It’s Friday once again, and time for another Lost Dogs introduction. This is the first time in the series that the introduction does not describe the location where the story takes place, but rather some other aspect of the world. In this case it’s about International Rail, the company that runs pretty much all of the train traffic within the civilized world.
International Rail. The fifth super power. The hand that moves the pieces across the board.
A network of railroads spanning the entire civilized world. Its employees numbering more than a small country’s population, and its management structure so hidden in the shadows not even the elves know who’s at the top.
Ever expanding. Ever changing.
Always the same. Always the train.
It’s how the world rolls, as the old slogan goes.
It’s how you get from A to B, and back again, or on to C.
It’s how you travel.
Cheaper than airships. More comfortable than horse and cart – or donkey, or camel, or the dog drawn sleds of the cold dark north. Easier than walking. Faster than anything.
No one messes with International Rail.
Not the Empire of Mahradia. Not the secret police of The Republic. Nor the thugs and gangsters of the east and south, or the warlords in the west.
It’s not even the law. It’s just not done.
For everyone’s heard the stories. Rumours and lies and urban legends. Whispers in the dark. In alleys and bars. In board rooms and courts. And everyone knows someone who’s heard something, about someone, who saw something. It’s just the way it is.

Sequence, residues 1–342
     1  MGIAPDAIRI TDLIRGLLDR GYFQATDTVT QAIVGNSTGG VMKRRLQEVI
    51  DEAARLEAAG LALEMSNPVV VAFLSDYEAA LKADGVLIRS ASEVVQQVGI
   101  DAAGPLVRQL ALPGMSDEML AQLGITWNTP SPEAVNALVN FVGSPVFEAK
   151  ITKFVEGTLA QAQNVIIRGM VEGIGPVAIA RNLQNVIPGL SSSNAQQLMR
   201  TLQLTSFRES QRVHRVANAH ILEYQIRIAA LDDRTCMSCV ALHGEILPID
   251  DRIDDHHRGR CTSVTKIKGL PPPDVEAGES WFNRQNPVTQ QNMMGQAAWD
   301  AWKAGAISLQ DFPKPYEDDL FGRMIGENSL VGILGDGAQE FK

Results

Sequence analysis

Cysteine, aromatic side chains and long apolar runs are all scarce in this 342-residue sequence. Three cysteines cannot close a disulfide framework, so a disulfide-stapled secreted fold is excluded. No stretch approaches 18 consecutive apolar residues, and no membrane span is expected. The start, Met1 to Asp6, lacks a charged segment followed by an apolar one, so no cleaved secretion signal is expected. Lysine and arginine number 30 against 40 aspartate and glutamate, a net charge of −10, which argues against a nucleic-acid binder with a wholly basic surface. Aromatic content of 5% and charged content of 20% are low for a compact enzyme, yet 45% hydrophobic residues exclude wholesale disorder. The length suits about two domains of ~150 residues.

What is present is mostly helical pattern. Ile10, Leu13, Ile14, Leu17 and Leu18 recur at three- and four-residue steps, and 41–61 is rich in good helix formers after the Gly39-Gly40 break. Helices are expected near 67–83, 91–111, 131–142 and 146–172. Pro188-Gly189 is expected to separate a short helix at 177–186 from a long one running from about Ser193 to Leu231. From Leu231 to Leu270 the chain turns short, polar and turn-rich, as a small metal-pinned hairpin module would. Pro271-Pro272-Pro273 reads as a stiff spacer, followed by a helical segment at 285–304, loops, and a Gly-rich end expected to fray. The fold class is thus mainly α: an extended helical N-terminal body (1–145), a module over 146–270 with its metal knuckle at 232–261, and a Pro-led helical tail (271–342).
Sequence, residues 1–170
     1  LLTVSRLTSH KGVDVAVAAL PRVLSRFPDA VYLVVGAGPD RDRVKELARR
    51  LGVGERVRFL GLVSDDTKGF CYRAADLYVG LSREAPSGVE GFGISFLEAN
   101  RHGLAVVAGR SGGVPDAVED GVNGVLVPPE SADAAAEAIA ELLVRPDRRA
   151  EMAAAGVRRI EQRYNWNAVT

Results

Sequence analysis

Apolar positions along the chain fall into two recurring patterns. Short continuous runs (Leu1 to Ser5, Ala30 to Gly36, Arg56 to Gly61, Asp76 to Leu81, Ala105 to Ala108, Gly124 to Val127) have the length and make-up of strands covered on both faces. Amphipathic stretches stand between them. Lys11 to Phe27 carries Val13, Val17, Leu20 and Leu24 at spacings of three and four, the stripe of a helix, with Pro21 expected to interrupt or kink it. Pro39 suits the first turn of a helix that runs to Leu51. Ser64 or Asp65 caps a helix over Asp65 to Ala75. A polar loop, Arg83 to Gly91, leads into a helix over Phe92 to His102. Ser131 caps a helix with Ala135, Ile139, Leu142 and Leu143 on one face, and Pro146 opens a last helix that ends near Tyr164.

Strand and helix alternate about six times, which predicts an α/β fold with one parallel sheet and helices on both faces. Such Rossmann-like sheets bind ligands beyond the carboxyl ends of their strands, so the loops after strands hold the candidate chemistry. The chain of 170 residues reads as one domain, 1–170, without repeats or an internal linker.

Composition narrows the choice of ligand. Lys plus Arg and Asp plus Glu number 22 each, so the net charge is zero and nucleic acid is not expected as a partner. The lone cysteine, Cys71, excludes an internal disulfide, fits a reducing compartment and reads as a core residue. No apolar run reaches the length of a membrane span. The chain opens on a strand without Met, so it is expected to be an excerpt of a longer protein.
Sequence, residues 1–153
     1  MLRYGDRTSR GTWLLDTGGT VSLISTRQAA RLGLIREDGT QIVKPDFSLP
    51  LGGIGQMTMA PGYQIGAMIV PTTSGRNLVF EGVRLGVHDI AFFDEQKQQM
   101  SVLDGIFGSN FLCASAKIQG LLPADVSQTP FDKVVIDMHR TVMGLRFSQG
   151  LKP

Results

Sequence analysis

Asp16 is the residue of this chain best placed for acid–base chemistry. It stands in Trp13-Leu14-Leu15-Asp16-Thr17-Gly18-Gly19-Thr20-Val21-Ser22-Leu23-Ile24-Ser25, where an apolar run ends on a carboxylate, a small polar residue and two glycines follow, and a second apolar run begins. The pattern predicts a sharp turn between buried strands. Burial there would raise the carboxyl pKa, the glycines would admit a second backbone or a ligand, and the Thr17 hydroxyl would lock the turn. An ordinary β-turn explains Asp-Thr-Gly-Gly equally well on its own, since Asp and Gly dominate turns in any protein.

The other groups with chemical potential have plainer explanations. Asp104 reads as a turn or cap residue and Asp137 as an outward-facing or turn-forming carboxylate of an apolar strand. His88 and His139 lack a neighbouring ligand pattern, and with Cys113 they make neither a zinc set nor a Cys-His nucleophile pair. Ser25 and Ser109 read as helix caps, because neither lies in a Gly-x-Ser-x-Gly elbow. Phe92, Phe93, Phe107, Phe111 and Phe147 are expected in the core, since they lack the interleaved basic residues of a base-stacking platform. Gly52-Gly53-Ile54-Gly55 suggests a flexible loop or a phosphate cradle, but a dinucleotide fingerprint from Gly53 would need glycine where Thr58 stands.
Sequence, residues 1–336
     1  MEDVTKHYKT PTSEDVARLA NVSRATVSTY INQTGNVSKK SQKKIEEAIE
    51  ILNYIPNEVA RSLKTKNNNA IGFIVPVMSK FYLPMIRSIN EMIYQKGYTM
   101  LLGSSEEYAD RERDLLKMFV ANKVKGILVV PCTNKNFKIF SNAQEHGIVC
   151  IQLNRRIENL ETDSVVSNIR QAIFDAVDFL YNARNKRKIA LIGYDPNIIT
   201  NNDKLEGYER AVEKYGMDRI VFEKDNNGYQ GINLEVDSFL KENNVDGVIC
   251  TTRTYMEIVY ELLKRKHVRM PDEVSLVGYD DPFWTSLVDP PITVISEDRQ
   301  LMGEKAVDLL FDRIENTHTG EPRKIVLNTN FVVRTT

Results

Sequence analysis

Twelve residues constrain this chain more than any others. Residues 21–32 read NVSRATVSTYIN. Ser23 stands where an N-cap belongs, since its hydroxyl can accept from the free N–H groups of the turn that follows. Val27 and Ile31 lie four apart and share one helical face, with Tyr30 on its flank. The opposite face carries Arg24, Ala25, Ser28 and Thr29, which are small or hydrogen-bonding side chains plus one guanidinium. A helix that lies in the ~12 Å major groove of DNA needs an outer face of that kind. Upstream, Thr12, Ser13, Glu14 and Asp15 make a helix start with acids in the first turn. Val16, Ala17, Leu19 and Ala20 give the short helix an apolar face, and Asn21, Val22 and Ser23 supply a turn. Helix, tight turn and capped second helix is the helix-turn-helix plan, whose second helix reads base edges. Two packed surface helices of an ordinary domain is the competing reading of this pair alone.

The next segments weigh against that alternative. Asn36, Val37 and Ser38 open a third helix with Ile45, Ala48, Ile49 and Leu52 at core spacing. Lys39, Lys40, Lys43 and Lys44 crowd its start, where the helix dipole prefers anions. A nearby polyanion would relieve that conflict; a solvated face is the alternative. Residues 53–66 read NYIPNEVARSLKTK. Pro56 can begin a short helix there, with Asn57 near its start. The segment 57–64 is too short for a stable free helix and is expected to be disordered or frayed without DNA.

You don’t mess with international rail.
They make their own rules.
They have their own currency, gods, and superstitions.
And when an International Rail security guard tells you to do something, you’d better listen.
That’s it for this time.
Much of this book takes place on a train, and events on a train station are important. It seemed like a good idea to include a little bit of the importance and power of the company that runs the trains. It’s been hinted at in previous books, but not much has been given away as far as actual information goes.
Originally, the series was going to be called Werewolves On A Train, and the actual train travel was going to be a bigger part of if, but in the end it didn’t turn out like that. I’m also quite happy I managed to come up with a better name.
Bonus content this week is a short poem-like section from chapter 19. It does show a little of what’s to come, but I wouldn’t say it contains any major spoilers.
Silver Skin: Chapter 19 (excerpt)
A waning moon looks down on two wanderers lost in the night.
Side by side.
The old wolf. The fledgeling monster.
Broken and scarred. Within and without.
Beasts without beauty.
And sure he is handsome, and sure she is sweet.
Rugged charm and youthful vigour.
Blood on his hands. Blood on her skin.
Killers. Fighters. Murderers. Monsters.
Alone in the night, and side by side.
Running for a past long gone. Searching for a future not undone.
Clinging to hope. Chasing a dream.
There we go. That’s all for this time. If you’re curious to learn more about the Lost Dogs series, I’d recommend checking the About page, here.
You’ll also find the first Introduction chapter, for Lost Dogs #1: Last Fight of the Old Hound, here.
If you’re already sold and just want to start reading, I’d recommend picking up Lost Dogs: Betrayals. It’s an omnibus edition, containing the first five books in the series, and it’s available here.
Finally, if you do check out the book, please leave a review, it’s very much appreciated.